Tribal marks are marks drawn on the face or the body especially common in the Yoruba land in Nigeria for identification and scarification. Tribal marks comes with its own household design. Some are being differentiated my the number of lines on the face or how long the line is being drawn on the face or the position the tribal mark is on the face.
Tribal marks is not only limited to the Yoruba land alone, some Northerners in Nigeria too have tribal marks and theirs is being differentiated by states.
It is believed that the use of tribal marks on the continent increased during the period of the Atlantic Slave trade. Tribe members being shipped off as slaves to foreign countries were marked to identify them should they ever be rescued or freed – permanent signatures of their heritage. Tribal and clan wars, beauty, witchcraft and superstitious beliefs were also among the reasons for marking.
The primary function of the tribal marks is for identification of a person’s tribe or family and it is a key factor to the people’s survival and existence.
Basically there are about three tribal majorly, which are;
The Pele style is four horizontal lines, about a quarter of an inch long inscribed on the cheeks on both sides of the mouth. It exists in two different formats, horizontal and vertical, which further consist of three versions.
The Gọmbọ style, also known as Kẹkẹ, consists of multiple straight and curved lines about a half of an inch long inscribed on the cheeks cheeks on both sides of the mouth. Indigenes of Ogbomosho in Oyo State are usually identified by the Gombo or Kẹkẹ style of Yoruba tribal marks.
The Abaja style consists of twelve horizontal lines, six lines per cheek. It is often referred to as “Abaja Alaafin Mefa Mefa”. This tribal mark is unique to the indigenes of Oyo, Nigeria.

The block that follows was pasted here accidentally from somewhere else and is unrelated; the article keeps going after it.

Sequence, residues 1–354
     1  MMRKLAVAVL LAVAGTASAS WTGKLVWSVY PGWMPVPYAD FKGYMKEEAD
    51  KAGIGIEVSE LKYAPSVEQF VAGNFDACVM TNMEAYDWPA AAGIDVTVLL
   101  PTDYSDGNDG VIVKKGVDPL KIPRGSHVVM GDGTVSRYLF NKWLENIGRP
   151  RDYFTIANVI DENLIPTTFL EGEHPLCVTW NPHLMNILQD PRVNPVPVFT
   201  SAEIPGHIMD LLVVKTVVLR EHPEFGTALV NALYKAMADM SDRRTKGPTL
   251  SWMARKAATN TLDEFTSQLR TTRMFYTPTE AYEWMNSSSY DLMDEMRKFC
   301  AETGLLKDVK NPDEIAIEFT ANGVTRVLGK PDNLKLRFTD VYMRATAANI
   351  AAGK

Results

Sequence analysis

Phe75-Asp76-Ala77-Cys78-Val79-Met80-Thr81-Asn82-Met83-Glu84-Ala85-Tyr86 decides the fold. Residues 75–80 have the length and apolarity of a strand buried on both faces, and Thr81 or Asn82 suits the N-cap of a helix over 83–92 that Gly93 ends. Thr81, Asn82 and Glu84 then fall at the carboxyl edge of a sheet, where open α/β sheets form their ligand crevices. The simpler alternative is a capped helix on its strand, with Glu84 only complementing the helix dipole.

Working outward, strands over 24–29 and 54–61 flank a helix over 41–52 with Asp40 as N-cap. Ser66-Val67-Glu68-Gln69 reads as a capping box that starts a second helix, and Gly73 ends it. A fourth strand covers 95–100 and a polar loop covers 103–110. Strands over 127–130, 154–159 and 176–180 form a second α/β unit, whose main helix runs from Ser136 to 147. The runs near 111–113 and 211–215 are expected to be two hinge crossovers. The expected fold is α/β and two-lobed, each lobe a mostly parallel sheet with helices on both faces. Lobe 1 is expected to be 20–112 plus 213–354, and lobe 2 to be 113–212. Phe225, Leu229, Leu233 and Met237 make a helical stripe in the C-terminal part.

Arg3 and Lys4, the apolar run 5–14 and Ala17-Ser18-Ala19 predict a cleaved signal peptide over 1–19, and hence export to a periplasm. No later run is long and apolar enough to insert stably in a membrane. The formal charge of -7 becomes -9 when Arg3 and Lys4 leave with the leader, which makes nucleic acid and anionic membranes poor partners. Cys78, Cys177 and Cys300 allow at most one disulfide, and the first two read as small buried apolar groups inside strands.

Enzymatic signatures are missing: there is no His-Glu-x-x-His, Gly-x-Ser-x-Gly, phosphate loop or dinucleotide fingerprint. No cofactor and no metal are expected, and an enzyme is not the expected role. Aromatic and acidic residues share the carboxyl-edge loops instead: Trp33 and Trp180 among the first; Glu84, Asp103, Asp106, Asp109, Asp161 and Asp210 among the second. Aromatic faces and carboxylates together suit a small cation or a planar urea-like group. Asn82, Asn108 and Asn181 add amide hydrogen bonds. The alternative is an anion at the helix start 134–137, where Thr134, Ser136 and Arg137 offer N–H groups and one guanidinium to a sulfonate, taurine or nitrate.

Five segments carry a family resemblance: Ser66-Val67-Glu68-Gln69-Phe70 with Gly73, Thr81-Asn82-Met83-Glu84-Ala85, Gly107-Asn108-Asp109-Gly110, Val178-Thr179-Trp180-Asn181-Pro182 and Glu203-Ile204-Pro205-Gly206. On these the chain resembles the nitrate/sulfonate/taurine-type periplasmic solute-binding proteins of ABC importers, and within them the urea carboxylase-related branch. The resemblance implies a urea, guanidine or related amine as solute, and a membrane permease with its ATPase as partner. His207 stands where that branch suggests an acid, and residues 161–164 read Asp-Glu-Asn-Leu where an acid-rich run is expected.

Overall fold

But now the use of tribal marks has gone into extintion even though it the process of cutting the marks is really painful.
The use of tribal marks as a means of identification and beautification among the Yoruba tribe is no longer a norm and some Yoruba states have enacted certain laws that prohibit the use of the marks. Violators of the law are liable for fines or imprisonment. In Oyo State, for example, the prohibition of tribal marks is an integral part of the state Child Right Law, a law that imposes a fine or one-month imprisonment or both for violation.According to the law “No person shall tattoo or make a skin mark or cause any tattoo or skin mark to be made on a child”.
The lifestyle today has exposed youths to Western culture which is sometimes at odds with Nigeria’s values and beliefs. This can be observed in our dress and food culture as well as societal interactions.
Young men and women, celebrities, and On screen personalities, to mention but a few, are drawn to wearing a tattoo. Tattoo as an art comes in different patterns and they are quite fashionable. In spite of this, some people consider individuals who wear body arts irresponsible.
The embrace of tattoo as a trend is common among the youths shouldn’t be surprising because tattoos are clearly portrayed in American movies and western pop culture music videos.
No matter the side of the divide you belong, making a fashion statement is pertinent. But, what kind of fashion statement are you making?
Tribal Marks and Tattoos are running parallel. Both show the generational gap between the aged and the young. Bridging this gap seems impossible as Modernity continue to rage like wildfire consuming almost all Nigerian Traditional and cultural practice. that were once held dear to our hearts.